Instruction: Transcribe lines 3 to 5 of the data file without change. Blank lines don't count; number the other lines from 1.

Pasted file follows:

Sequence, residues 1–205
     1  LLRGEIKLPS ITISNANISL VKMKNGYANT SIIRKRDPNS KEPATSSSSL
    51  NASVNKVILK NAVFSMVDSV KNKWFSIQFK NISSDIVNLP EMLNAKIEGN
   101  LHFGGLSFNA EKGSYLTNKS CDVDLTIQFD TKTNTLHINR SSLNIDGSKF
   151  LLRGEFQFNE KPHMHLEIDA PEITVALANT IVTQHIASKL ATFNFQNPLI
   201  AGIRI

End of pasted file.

    51  NASVNKVILK NAVFSMVDSV KNKWFSIQFK NISSDIVNLP EMLNAKIEGN
   101  LHFGGLSFNA EKGSYLTNKS CDVDLTIQFD TKTNTLHINR SSLNIDGSKF
   151  LLRGEFQFNE KPHMHLEIDA PEITVALANT IVTQHIASKL ATFNFQNPLI